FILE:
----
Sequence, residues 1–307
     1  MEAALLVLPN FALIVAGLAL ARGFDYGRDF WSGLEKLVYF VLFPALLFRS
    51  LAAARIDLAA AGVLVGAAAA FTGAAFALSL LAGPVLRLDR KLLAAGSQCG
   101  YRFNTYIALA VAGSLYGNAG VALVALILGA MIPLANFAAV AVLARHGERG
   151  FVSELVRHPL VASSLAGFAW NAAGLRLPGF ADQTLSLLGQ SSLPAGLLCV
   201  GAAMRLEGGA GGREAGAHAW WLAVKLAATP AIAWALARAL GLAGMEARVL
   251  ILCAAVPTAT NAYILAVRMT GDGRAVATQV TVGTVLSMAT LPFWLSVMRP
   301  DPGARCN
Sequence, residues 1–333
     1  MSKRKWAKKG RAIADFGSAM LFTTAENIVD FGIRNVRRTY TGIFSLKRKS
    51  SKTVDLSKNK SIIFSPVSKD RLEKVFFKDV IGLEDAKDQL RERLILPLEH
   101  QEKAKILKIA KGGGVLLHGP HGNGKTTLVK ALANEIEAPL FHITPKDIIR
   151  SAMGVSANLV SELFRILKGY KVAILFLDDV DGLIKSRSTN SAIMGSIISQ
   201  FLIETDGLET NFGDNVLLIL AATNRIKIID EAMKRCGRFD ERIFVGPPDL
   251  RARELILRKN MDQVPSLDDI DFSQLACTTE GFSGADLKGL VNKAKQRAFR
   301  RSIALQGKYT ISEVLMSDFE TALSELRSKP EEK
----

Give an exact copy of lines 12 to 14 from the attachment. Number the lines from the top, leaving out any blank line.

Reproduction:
   101  QEKAKILKIA KGGGVLLHGP HGNGKTTLVK ALANEIEAPL FHITPKDIIR
   151  SAMGVSANLV SELFRILKGY KVAILFLDDV DGLIKSRSTN SAIMGSIISQ
   201  FLIETDGLET NFGDNVLLIL AATNRIKIID EAMKRCGRFD ERIFVGPPDL